Saturday, September 10, was one of the better days for me at this year’s Toronto International Film Festival, and that’s really the way it usually goes because, for whatever reason, things tend to be front-loaded at TIFF. The first three or maybe even four days pack in more activity than most of the other days combined. While that means I often had to choose between a number of stars in different places, thanks to a decently organized schedule I ended up doing interviews, red carpets, and the chance to be in the presence of the great Stan Lee.
First thing in the morning I had an interview with Sons of Anarchy star Kim Coates, who was in town promoting the show, which debuts in Canada for the first time this fall. He was also here promoting his role in the hockey film, Goon, alongside stars Jay Baruchel, Seann William Scott and Liev Schreiber.
Kim was just a fantastic guy to speak with, and one of those actors who just exudes calm, cool charisma and honesty. He spoke about why the show is such a hit, the show’s great writing, and how much he enjoys doing a series that involves riding a motorcycle. Once he’s done here at TIFF, he heads back to continue work on the fourth season of the series.
(That interview was also marked by a strange moment when Prime Minister Stephen Harper walked behind me during the interview, something that drew a few stares.)
Unfortunately, the one thing I missed next was the Breakaway press conference, since I was hoping to attend to hear what Rob Lowe had to say about the Canadian film, but I did make it extra early to line up for the Pearl Jam Twenty red carpet, which was a bit of a fiasco.
There was a small group of photographers waiting for the band to show up, and the band arrived decently on-schedule, but as might be expected of the band, they had no interest in posing for photos on the small red carpet in front of the Princess of Wales theatre. They didn’t stop to meet with fans though either. Director Cameron Crowe showed up a bit later at least, and he did stand for photos, and Chris Cornell also came and stopped to say hi to fans, but otherwise it was kind of a waste of time. I went inside for photos of the stage introductions, but the space is so awkward to photograph–and dark–I don’t think I got much worth showing off.
After that ended, I had some time to work on photos before I went to the Ritz hotel for the Drive roundtable interviews with Nicolas Winding Refn, Ryan Gosling, Bryan Cranston and Albert Brooks. All four guys were fantastic to chat with, and offered up some wonderful observations about making the film, and how they re-developed the story with Nicolas.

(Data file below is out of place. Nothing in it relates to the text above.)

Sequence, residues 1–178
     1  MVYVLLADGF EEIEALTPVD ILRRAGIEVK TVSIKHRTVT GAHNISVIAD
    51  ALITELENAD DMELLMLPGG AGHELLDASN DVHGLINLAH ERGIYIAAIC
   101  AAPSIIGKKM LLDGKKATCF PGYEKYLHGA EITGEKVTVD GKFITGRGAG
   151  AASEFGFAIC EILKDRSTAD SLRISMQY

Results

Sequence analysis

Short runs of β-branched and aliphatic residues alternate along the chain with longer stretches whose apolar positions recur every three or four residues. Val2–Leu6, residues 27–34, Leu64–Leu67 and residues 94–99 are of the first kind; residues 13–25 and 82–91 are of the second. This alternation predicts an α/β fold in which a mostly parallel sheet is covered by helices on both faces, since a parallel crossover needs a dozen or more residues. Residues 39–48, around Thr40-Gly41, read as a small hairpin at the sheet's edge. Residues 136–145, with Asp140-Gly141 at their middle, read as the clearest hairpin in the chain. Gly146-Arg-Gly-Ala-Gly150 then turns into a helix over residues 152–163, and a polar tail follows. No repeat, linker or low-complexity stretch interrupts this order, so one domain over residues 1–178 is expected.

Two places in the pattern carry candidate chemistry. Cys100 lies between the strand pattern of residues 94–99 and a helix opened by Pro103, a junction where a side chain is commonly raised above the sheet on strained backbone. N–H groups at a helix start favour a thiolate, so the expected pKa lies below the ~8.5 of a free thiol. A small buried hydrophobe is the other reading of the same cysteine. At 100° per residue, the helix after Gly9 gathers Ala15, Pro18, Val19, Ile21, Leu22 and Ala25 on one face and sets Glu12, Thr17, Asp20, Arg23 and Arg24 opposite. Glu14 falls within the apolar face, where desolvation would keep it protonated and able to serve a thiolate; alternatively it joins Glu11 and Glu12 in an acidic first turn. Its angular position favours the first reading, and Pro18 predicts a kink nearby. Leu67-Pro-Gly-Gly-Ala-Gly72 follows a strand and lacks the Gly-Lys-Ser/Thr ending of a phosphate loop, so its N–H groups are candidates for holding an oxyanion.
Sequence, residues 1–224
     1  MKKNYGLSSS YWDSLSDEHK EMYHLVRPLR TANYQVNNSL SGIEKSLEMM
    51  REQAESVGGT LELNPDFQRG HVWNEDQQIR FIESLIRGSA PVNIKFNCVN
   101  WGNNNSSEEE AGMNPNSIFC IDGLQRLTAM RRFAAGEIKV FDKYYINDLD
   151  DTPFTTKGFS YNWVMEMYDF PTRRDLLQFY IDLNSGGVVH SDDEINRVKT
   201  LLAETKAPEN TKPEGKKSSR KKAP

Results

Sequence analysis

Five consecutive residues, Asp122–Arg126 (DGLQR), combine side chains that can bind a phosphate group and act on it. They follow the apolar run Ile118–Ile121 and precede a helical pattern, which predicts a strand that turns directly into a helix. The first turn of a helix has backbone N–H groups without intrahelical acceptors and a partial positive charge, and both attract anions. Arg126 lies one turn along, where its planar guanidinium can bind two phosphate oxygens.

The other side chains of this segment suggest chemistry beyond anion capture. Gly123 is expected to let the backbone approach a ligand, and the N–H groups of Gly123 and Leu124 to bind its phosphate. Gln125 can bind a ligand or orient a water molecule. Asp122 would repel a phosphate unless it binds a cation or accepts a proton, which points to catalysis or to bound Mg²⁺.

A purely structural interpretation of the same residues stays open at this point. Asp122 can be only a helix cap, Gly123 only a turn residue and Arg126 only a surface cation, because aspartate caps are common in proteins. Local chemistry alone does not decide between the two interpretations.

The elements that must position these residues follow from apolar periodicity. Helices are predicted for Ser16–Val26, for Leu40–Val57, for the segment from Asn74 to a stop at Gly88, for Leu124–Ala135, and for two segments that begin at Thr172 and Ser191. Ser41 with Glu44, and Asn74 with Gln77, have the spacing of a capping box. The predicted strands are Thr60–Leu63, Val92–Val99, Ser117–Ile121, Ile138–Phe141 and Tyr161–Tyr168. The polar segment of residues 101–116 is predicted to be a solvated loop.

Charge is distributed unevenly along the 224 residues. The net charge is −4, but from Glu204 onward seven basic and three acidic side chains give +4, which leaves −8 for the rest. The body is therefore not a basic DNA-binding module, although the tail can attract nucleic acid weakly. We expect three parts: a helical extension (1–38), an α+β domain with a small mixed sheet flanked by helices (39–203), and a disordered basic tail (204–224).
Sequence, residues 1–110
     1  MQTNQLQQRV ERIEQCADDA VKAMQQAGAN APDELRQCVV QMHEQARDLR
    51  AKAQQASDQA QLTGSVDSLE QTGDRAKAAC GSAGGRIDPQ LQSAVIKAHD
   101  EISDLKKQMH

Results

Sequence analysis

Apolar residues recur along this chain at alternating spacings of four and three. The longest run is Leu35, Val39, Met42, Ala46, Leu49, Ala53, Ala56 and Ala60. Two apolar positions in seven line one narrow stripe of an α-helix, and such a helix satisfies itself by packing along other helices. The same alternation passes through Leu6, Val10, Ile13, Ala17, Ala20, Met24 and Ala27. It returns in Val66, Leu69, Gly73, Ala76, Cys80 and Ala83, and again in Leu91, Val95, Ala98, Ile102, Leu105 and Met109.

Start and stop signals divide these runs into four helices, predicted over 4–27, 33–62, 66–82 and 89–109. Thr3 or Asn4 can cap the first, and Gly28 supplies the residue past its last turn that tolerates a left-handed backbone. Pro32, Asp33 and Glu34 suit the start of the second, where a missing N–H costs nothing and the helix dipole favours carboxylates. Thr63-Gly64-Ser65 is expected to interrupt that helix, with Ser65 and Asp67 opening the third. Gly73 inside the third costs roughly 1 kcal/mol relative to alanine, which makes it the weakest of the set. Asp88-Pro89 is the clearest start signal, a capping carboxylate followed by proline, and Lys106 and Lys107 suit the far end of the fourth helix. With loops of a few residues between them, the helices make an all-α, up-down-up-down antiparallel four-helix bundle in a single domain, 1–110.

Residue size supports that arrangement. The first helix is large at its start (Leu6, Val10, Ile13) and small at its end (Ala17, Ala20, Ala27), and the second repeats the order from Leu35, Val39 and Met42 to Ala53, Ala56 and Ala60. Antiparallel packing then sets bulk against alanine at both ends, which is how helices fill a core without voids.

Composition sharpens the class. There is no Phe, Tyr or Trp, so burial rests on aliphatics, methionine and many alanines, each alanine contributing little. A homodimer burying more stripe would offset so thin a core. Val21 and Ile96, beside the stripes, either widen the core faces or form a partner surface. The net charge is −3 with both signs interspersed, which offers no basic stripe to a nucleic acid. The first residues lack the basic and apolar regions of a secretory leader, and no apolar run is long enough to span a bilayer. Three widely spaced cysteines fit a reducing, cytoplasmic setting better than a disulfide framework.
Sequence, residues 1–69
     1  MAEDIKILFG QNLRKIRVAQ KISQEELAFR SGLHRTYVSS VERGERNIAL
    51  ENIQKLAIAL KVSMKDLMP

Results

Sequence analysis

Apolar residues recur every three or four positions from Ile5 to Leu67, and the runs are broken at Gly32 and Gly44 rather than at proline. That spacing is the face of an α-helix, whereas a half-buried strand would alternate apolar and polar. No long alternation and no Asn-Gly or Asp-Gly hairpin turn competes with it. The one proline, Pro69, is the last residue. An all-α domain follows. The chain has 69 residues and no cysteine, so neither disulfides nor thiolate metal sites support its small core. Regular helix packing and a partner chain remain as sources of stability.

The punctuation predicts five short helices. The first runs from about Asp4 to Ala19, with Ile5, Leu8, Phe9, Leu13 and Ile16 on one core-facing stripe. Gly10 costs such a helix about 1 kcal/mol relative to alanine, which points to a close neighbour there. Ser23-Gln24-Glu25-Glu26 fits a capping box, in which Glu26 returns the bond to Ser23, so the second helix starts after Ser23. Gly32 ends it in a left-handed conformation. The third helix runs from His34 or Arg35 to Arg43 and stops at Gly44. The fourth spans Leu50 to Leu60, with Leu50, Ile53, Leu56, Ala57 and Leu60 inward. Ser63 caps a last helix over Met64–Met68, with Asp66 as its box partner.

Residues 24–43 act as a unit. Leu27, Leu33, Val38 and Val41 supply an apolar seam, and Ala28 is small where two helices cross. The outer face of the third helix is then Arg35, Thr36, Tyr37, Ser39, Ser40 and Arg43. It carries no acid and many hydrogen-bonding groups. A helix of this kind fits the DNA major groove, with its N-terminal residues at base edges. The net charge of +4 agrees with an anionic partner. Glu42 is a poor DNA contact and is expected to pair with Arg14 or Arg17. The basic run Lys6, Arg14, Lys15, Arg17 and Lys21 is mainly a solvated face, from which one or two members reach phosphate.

While I was blown away by all four men, and especially meeting and interviewing Albert (!!) and Ryan, I have to admit that my favourite part of the roundtables was probably the chat with Bryan, who had so much to say about the filmmaking process and crafting his character with the director.
The film has a powerful cast, and I was only really disappointed that I couldn’t get to talk to Carey Mulligan and the brilliant Ron Perlman, but I got some great insight otherwise and it made me want to go out and see the film again, just to catch it in a brand new light.
Next up was the Dangerous Method red carpet with director David Cronenberg and the film’s stars Keira Knightley and Viggo Mortensen (actor Michael Fassbender was unfortunately unable to attend), which proved to be a good photo op, especially since Knightley showed up in a stunning dress that was perfect for the red carpet.
Which reminds me of a discussion we had on the carpet at this point. We couldn’t help but wonder why so many actresses showed up on the red carpets in black dresses. A “little black dress” can be a great thing, but I have to admit that they generally look pretty dull in red carpet photos. Black is a classy colour for a dress, and women look fantastic in them (Angelina Jolie looked stunning on the Moneyball red carpet), but there is still something much more interesting about seeing a star in a dress that knocks you off your feet with both colour and cut.
Last, but not least of all, was Morgan Spurlock’s arrival for the screening of his documentary, Comic-Con: Episode IV – A Fan’s Hope. I had heard a bit about what was going to happen at the debut on Twitter earlier in the week, and I knew I had to show up to get some photos.
Spurlock showed up with around 30 fans dressed as superheroes and Star Wars characters, who were all lined up along the steps going up to the Scotiabank theatre, and all along the path to the cinema. On top of that, they arranged for Stan Lee and Harry Knowles (from Ain’t It Cool News) to appear at the debut as well.
Spurlock didn’t walk in like a huge star either. He didn’t act pompous in any way, in fact. He just showed up and was genuinely blown away by all the fans, their costumes, and then he posed for pictures with the characters, and with Stan and Harry.
For me, it was my second happy opportunity to meet Stan Lee, and it was a great chance to just soak up the launch of an indie film, which is a nice change from many of the other larger films I’ve been covering at this year’s festival.
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